Watch Out, Dolly — Cloning's Come to Cars

What you need to know about the latest trend in car thefts.

Here’s the next type of theft you should worry about:  Car cloning.  Fear not, car thieves have not turned into science geeks.  They’re stealing cars and replacing the V.I.N.'s and whatnot with legitimate ones from nearly identical cars.  Throw in some false documents, and you’re all set.

The state’s chapter of the Better Business Bureau is spreading the word and says law enforcement nationwide is banding together to break some major car cloning rings.

It’s an uphill battle to clear the names of those connected to a cloned car, said Paulette Scarpetti, the B.B.B.’s president.  “Owners of cloned vehicles can have their cars confiscated,” she said, “left to pay balances of the car's loan, and may be accused of a variety of traffic infractions and even participation in organized crime.”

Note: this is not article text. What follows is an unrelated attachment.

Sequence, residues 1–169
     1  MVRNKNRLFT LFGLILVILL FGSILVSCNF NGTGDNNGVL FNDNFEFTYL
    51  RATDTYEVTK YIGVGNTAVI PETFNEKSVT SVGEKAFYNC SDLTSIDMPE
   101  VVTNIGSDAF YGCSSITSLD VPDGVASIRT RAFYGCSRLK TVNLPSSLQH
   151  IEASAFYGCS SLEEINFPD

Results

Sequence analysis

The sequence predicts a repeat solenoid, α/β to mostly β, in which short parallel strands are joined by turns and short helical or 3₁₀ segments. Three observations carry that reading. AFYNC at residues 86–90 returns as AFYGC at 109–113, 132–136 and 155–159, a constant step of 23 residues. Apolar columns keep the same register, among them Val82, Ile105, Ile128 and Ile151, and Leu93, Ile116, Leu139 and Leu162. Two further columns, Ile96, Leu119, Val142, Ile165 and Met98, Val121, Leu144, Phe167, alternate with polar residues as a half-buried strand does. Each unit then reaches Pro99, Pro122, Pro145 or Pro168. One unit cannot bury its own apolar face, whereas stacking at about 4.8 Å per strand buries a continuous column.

But most notably, Connecticut is in a class with a dozen other states that are not participating in a nationwide title registering service, which the B.B.B. says could reduce insurance payments by $20 million a year.

In general, the BB.B. and F.B.I. offer these tips:

-    Get a copy of the car’s vehicle history report.
-    Always check under the hood to ensure V.I.N.’s match, and check for signs of tampering such as scratches.
-    If you are car shopping, beware of a car being sold for substantially less than comparable makes and models.
-    Look for incorrect spellings on paperwork, like vehicle titles.
-    If you think your car was cloned (for instance, you receive notice of unpaid parking tickets that aren’t yours), contact your local police.
-    Trust your intuition – if it sounds too good to be true, it probably is!


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